GF Central Plastics employs 500 people, 30 robotic arms to produce fittings for natural gas industry
On the manufacturing floor here at GF Central Plastics, a giant yellow arm with a claw-like “hand” surges forward, grips a length of plastic tubing, lifts it high into the air before swiveling and inserting it precisely into a slot.
The arm then reaches down, exchanges its hand for another and picks up yet another molded plastic piece and places it on a conveyor belt. The entire routine is completed in less than 30 seconds.
That’s life for one of about 30 robotic arms operating at Shawnee’s GF Central Plastics, fabricator of plastic and metal fittings and one of Oklahoma’s largest manufacturers.
No breaks. No rest period. No quitting time.
Operating from a 500,000 square foot facility on Shawnee’s south side, GF Central Plastics employs about 550 people who produce plastic and metal fittings, as well as specialty parts primarily for the natural gas industry.
The robotic arms employed in the process never stop, repeating their assignment 24 hours a day, seven days a week. Their human co-workers are busy ensuring the machines have needed parts to work with, as well as inspecting and packaging finished pieces.
“The primary goal of the robotics and automation is not to eliminate people, but allow us to continue to grow and continue to improve the quality of our products,” said Bryan Lucas, GF Central Plastics vice president for Operations.
“To date, in the 10 years we’ve been employing the automation and robotics, we’ve never had to have a layoff as a result of that automation.”
Central Plastics was founded in Shawnee 62 years ago by Mel Pourchot and remained a privately held family business until it was sold in 2008 to Swiss-based GF Corp., which operates piping systems, automotive and machining solutions divisions worldwide.
Mark Smith is managing director and president of Georg Fischer Central Plastics in Shawnee.
“Today, GF Central Plastics is one of the larger and more profitable organizations within piping systems of the GF organization,” Smith said. “We operate primarily under the utility market segment, which is the natural gas side of our business, as well as water and energy segments, the two dominant markets we are pursuing today.”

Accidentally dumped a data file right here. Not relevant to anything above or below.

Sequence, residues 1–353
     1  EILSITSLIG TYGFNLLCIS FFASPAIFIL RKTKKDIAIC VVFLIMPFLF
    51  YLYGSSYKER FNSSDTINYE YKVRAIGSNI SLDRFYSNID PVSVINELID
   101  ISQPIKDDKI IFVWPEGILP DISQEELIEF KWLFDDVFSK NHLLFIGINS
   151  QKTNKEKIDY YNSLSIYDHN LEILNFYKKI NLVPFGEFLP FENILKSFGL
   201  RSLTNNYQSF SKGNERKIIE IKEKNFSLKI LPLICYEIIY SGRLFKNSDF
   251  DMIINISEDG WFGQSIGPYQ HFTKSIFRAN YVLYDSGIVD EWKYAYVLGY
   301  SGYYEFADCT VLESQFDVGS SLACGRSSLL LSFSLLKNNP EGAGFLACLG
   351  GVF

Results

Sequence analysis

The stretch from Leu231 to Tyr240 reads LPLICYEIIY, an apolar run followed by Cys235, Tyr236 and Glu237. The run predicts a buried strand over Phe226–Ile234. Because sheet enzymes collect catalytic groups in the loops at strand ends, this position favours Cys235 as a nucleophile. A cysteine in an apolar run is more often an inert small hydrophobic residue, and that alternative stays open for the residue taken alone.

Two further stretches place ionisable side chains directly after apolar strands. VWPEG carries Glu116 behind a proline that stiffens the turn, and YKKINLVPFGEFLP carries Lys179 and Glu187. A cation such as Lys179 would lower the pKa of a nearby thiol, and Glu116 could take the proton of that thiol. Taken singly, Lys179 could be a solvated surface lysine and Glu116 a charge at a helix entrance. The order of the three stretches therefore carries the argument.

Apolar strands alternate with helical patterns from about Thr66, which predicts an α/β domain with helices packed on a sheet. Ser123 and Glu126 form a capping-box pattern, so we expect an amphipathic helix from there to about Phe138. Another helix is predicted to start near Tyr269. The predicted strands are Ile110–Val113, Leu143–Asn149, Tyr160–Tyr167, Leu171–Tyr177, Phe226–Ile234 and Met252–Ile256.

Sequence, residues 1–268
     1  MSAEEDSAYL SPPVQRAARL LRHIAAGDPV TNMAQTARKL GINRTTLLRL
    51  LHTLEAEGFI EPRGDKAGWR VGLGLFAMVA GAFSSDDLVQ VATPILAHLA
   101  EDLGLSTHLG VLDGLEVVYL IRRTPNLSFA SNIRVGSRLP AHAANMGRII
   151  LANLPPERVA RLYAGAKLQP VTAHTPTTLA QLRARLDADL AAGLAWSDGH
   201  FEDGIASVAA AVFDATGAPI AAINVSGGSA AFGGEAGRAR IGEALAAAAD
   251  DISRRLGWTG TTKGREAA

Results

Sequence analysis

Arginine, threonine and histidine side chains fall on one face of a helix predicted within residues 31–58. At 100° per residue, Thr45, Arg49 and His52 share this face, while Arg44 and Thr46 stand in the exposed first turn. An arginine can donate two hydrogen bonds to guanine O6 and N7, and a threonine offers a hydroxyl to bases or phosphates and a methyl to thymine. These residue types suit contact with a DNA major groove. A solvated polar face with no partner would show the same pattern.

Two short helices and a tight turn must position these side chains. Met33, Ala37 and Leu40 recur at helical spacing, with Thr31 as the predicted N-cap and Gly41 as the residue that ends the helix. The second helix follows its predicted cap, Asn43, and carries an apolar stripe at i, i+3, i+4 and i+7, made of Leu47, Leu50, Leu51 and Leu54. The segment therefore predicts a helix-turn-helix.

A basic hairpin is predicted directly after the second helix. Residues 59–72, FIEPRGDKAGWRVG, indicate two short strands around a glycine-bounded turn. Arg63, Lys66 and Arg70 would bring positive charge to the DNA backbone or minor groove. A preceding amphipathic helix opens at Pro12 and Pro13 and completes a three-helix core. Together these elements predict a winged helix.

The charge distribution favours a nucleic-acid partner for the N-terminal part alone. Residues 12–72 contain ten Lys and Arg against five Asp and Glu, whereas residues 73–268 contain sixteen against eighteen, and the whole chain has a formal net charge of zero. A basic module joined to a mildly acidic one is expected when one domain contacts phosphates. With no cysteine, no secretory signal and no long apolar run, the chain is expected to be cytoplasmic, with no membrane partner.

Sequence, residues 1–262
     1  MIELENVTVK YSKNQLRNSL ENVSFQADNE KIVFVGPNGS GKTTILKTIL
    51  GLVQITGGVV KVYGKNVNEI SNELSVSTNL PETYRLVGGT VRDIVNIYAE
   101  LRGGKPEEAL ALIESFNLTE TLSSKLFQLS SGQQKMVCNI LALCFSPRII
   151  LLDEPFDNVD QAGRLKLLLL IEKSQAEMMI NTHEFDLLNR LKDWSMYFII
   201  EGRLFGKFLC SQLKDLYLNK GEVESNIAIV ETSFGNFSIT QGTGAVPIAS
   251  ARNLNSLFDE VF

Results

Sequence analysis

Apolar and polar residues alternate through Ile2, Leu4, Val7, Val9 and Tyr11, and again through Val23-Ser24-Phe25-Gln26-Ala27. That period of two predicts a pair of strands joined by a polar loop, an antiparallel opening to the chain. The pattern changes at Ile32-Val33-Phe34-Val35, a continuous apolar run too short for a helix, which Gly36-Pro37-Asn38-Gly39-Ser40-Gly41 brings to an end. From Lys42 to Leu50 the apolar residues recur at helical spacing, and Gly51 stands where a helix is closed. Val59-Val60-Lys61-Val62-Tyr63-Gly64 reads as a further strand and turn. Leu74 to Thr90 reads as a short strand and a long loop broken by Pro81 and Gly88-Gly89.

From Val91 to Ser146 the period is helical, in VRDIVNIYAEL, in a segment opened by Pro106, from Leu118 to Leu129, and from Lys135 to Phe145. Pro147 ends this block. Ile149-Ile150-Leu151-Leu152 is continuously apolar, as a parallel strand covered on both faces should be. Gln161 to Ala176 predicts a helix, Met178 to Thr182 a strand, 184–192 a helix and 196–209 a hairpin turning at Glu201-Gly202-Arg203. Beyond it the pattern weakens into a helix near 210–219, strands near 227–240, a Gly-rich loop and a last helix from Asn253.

GF Central Plastics doesn’t manufacture the gas meters that connect to homes; rather it makes all of the fittings that connect the gas system and meters to the end users.
“Some examples of customers that we service are natural gas utilities that provide natural gas to homes, like OneOK, Centerpoint and Atmos Energy,” Smith said. “We also do work with Devon Energy and a number of pipeline manufacturers that are in the area.”
Despite employing 500 people and operating an innovative, high tech manufacturing floor, GF Central Plastics maintains a low profile in the central Oklahoma area, Smith said.
“We are one of the largest manufactures in the area, if not the largest in the local Shawnee area, and a lot of people don’t even know who we are,” he said.
In fact, the company has two major expansion projects under way.
“We are increasing our warehouse space by approximately 35 percent,” Lucas said. “We are also adding about a 12,000 square foot sales and technical training center and R&D center.”
What that translates into is more job opportunities.
“We are bringing in new talent from the engineering fields right now,” Smith said. “I think it’s important that we have a good work environment, we have good benefits and probably most important is we are a very stable and strong company and we are growing.”
The company already employs about 20 degreed engineers and up to 100 people with hard-to-find technical skills.
“We are increasing our engineering staff to accommodate a very, very significant growth in new product development,” Lucas said.
Smith and Lucas spoke in the relative quiet of GF Central Plastics testing lab. Right outside the door, the manufacturing floor hummed with activity as the robotic machines made the same parts over and over. And over.
“One of the abilities the robots have is that I’ve got 24/7 operation from them,” Smith said. “They don’t take vacations and they don’t need to sleep like I do.”